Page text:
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  • Emerging Markets Debt Daily

    China Tariffs – Neverending Story?

    Natalia Gurushina ,Economist, Emerging Markets Fixed Income
    August 02, 2019

    U.S. decision to impose a 10% tariff on the remaining USD300B of Chinese imports roiled markets. Russia was additionally hurt by the second leg of U.S. sanctions.

    President Trump’s unexpected decision to impose a 10% tariff on the remaining USD300B of Chinese goods sent risky assets into a tailspin
    . The consensus view is that the new tariff will deduct at least 30bps from China’s real gross domestic product (GDP) growth over the next twelve months (provided tariffs are to remain in place—President Trump can cancel them at any time). This means that authorities might open the stimulus spigot a little bit wider in the coming weeks. The focus now shifts to China’s response—either in the form of concessions or retaliatory measures that might affect rare earth metals and U.S. agricultural goods. A big concern outside of China is the tariff’s second-round impact on Europe’s growth (through trade channels).

    Russian assets are under additional pressure this morning following President Trump’s decision to impose the second leg of sanctions. These are so called “chemical” sanctions, related to Russia’s alleged use of chemical weapons in the 2018 attack on a former intelligence officer in the UK. Full details are not yet out, so there is uncertainty regarding the treatment of Russia’s new domestic bonds (OFZs). Other aspects—such as the prohibition of loans from U.S. banks to the Russian government or assistance from international financial institutions—are less important right now because Russia runs sizable budget surpluses and does not require such funding.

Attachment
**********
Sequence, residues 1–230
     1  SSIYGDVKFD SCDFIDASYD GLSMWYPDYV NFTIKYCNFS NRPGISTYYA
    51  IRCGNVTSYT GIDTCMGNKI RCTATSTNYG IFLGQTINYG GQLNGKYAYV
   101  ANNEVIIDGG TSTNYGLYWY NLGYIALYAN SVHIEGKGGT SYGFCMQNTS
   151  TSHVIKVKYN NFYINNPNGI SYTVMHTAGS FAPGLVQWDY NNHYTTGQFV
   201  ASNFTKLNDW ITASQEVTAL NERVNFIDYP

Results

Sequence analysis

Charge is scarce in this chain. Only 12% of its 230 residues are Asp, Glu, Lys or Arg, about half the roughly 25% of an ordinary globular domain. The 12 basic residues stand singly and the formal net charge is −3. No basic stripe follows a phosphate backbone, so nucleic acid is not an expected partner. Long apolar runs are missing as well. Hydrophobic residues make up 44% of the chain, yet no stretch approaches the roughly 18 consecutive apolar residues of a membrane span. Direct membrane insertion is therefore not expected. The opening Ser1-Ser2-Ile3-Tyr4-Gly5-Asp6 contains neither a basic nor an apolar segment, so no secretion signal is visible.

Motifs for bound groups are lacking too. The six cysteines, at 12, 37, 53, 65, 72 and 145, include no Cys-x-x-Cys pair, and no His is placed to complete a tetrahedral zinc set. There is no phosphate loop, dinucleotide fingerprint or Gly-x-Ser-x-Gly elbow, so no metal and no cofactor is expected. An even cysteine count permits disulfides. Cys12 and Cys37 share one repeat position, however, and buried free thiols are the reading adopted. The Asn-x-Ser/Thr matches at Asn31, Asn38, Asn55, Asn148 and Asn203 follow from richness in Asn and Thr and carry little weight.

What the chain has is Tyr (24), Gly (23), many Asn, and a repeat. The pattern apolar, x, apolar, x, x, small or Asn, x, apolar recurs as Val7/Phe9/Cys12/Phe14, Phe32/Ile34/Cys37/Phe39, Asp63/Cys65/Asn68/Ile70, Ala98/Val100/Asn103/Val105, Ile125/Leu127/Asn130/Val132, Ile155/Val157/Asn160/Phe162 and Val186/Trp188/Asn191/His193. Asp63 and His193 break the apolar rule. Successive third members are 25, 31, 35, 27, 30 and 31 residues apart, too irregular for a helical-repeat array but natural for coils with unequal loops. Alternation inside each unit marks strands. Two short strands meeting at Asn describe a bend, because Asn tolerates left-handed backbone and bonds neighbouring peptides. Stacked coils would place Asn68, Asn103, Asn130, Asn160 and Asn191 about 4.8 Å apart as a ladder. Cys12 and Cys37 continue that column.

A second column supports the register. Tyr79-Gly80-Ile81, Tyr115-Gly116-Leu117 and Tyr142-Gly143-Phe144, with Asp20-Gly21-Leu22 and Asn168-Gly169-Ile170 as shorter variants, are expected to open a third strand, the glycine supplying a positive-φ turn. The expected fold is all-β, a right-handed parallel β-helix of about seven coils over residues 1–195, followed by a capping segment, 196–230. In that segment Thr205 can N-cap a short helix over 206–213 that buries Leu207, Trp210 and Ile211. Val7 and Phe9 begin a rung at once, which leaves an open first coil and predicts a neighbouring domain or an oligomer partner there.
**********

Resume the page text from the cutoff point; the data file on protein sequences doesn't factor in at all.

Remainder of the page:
A strong jobs report in the U.S. was pretty much ignored by the market due to concerns about escalating trade tensions. Non-farm payrolls remained robust at 164K—in line with expectations. The rate of unemployment edged higher to 3.7%, but the participation rate also went up. Average hourly earnings rebounded slightly to 3.2% year-on-year. The report gave more credence to the U.S. Federal Reserve’s (Fed's) dissenters, like the Boston Fed’s President Eric Rosengren, who voted against this week’s rate cut.


    PMI – Purchasing Managers’ Index: economic indicators derived from monthly surveys of private sector companies; ISM – Institute for Supply Management PMI: ISM releases an index based on more than 400 purchasing and supply managers surveys; both in the manufacturing and non-manufacturing industries; CPI – Consumer Price Index: an index of the variation in prices paid by typical consumers for retail goods and other items; PPI – Producer Price Index: a family of indexes that measures the average change in selling prices received by domestic producers of goods and services over time; PCE inflation – Personal Consumption Expenditures Price Index: one measure of U.S. inflation, tracking the change in prices of goods and services purchased by consumers throughout the economy; MSCI – Morgan Stanley Capital International: an American provider of equity, fixed income, hedge fund stock market indexes, and equity portfolio analysis tools; VIX – CBOE Volatility Index: an index created by the Chicago Board Options Exchange (CBOE), which shows the market's expectation of 30-day volatility. It is constructed using the implied volatilities on S&P 500 index options.; GBI-EM – JP Morgan’s Government Bond Index – Emerging Markets: comprehensive emerging market debt benchmarks that track local currency bonds issued by Emerging market governments.; EMBI – JP Morgan’s Emerging Market Bond Index: JP Morgan's index of dollar-denominated sovereign bonds issued by a selection of emerging market countries; EMBIG - JP Morgan’s Emerging Market Bond Index Global: tracks total returns for traded external debt instruments in emerging markets.

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